Look at both sides of the argument Refer to critics/theorists Representations of gender in the past Gauntlett- Media, gender and identity Patriarchal ideas Women as the happy housewife heroine Women with careers as a masculinisation Working until marriage and children Fulfilling expected gender roles Male editors constructing the female identity
Magazines Clearly identifying the role for women Cosmo (past) Winship- inside women's magazine book-although feminist ideas, admitted that she enjoyed female magazines mixed messages to women, lack of consistent ideas Ideas always followed the norm- e.g hetrosexual relationships
Magazines and postmodernism Media theorists say that belonging to a collective group is a misrecognition Instead we should approach it in a triangular approach How does a magazine represent its own gender to another gender? How does it represent its own gender to the reader?
How does it represent the other gender to its reader? Postmodernism We are not considering the way that magazines are constructed is post modernism Instead we are considering whether a secondary audience might create post modern readings of these products Pick and mix our media, select how we form our identities in relation to the media Gauntlett- Need to be constructed and negotiated in a post traditional society/ Magazines allow readers to check is this ok?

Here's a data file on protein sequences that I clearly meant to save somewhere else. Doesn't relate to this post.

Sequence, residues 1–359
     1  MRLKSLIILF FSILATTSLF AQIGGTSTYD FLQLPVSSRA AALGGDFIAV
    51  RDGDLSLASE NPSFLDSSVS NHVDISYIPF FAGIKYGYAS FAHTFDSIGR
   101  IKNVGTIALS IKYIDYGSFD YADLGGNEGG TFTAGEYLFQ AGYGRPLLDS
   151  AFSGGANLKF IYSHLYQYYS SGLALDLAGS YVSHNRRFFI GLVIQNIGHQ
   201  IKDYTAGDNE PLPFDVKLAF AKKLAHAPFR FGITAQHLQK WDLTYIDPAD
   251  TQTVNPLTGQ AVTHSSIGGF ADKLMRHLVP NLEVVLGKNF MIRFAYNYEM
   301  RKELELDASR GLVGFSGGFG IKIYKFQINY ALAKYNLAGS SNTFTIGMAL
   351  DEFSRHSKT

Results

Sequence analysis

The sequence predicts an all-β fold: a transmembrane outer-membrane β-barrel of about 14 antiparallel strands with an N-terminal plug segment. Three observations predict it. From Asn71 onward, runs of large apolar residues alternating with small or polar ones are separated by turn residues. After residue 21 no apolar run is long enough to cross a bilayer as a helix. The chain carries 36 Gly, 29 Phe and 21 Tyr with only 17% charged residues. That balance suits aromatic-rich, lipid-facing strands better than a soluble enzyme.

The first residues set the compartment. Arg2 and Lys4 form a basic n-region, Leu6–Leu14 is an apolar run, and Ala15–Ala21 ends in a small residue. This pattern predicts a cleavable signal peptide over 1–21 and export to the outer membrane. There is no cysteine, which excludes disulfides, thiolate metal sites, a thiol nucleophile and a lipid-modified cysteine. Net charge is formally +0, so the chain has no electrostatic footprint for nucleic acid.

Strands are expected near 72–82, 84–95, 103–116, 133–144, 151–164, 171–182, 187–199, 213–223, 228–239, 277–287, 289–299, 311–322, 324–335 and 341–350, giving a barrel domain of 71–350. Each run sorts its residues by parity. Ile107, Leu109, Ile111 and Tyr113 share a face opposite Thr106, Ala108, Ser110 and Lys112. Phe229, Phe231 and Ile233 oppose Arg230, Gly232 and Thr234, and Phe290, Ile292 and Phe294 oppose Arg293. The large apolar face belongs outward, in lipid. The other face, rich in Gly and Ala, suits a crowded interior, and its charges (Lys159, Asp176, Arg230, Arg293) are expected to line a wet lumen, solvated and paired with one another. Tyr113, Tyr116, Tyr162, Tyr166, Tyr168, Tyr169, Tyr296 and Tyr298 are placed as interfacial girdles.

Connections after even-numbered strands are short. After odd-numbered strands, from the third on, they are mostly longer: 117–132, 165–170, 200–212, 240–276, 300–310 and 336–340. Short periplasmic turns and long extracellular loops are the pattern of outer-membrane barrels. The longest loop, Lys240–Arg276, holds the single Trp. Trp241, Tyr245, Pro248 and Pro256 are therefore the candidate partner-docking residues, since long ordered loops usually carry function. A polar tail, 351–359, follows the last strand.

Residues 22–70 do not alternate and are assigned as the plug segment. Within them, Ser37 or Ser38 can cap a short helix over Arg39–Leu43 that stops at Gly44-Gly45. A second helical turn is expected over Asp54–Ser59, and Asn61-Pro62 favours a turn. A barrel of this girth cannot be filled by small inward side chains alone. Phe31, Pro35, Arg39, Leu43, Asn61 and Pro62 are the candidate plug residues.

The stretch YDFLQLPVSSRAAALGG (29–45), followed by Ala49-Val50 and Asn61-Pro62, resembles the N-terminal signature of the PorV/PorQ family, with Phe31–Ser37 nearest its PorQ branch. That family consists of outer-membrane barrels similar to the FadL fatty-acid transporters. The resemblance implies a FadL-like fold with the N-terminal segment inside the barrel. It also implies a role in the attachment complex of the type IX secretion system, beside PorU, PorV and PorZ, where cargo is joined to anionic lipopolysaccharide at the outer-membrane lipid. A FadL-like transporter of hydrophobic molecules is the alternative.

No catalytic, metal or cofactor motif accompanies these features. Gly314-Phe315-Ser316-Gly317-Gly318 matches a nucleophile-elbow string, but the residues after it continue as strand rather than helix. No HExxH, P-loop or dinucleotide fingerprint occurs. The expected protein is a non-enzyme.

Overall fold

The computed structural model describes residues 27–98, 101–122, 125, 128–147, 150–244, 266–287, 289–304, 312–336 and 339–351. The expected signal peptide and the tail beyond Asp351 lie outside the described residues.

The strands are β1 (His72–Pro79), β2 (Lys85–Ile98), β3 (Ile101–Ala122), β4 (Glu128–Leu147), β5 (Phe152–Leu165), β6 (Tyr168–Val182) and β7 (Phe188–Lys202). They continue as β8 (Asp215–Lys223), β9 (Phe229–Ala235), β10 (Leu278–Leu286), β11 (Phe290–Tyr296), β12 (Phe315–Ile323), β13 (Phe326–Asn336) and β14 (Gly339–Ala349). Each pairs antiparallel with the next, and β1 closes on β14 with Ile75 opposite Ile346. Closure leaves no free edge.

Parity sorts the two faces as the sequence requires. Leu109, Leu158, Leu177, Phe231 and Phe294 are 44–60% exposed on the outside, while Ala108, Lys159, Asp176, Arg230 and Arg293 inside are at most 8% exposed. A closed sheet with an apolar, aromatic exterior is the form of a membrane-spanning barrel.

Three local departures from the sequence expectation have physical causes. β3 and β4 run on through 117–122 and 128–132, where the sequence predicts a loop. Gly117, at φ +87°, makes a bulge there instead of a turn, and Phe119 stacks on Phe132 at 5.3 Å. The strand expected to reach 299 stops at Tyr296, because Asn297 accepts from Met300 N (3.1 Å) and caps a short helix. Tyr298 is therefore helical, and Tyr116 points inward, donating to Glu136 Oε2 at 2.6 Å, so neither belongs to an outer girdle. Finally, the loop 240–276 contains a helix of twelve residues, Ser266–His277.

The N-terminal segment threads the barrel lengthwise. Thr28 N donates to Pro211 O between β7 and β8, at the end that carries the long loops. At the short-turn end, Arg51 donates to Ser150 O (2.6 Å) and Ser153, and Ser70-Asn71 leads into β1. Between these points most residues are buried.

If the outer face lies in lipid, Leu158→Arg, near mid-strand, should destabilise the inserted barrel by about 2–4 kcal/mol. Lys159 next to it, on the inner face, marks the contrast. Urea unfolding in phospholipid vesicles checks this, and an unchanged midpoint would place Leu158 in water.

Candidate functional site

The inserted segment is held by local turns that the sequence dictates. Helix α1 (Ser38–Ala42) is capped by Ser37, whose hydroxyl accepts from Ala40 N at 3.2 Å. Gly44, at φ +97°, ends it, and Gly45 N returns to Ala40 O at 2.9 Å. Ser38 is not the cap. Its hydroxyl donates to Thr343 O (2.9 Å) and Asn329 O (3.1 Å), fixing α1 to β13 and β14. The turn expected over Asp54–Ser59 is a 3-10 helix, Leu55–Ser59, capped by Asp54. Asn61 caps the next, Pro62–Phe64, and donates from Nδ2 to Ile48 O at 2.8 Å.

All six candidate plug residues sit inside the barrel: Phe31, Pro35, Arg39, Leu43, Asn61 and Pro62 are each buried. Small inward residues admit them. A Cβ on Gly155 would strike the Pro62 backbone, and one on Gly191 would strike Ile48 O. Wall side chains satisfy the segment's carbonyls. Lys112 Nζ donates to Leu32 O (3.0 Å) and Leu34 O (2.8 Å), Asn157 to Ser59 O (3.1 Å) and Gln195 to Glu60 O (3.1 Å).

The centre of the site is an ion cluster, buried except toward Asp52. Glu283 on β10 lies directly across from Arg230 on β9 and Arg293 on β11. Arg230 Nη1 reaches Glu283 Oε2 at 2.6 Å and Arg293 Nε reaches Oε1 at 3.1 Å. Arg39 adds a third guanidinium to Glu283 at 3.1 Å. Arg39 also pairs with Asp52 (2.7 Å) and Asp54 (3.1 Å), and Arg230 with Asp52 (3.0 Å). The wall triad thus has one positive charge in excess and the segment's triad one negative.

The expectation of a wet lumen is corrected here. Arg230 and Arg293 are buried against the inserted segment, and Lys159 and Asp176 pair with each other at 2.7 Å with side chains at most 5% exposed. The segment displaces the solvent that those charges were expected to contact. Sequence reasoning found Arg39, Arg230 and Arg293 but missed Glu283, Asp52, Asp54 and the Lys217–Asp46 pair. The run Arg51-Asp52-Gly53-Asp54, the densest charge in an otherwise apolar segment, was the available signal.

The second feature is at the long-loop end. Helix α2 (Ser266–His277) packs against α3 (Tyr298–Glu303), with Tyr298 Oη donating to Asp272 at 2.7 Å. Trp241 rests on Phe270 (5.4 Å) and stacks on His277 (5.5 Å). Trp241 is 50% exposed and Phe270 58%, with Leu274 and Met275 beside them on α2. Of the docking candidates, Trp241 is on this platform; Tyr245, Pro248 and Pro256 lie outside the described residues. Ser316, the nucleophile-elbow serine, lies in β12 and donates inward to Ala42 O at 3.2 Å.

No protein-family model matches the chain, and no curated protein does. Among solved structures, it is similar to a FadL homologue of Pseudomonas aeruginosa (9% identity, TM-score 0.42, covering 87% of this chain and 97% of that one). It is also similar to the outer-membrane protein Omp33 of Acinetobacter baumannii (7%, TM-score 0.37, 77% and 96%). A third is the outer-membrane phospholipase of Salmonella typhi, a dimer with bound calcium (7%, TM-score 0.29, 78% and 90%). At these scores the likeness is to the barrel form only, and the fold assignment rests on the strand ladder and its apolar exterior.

Relavatism- A realist position nothing has any meaning anymore, people will create their own meaning. It would mean that there was no harm in making a gender specific statement in magazines- readers are given more credit than to just accept this idea- Pick and mix reader We can not assume that people are simply influenced A feminist perspective would view the way that men and womens Mags present women/female gender as: objects, decorative, subordinate. They might view the post modern ideas with concern as they may appear too relaxed David Gauntlett Women's magazines and female identities today
See chapter handouts What has Gauntlett suggested about magazines today? Women's magazines are of course, all about the social construction of womanhood today Gauntlett- Relationships pg 190 (past or present idea?) In general, womens magazines speak the language of popular feminismAssertive, seeking success in work and relationships and demanding the right to both equality and pleasure. Do you agree? The pick and mix reader pg 196 (as discussed in postmodernism and magazines slide Think about some research into real women and ask them about what they think about our key publications-What do they reveal about gender assumptions with women today. Womens magazines offer a confusing and contradictory set of ideas
Many of the messages are positive- Assertive, independent Looking beautiful, generally inescapable Overemphasising the power of the text and underestimating the ability of the reader However we could still be absorbing ideas about society (through the magazine) Some examples of feminism/ however contradicting ideas Looking at the magazines: Using Gauntletts chapter: key questions to ask Is the goal the same but the path different? Women as the ones doing the seeking? Are they showing that women should be in control? What articles reveal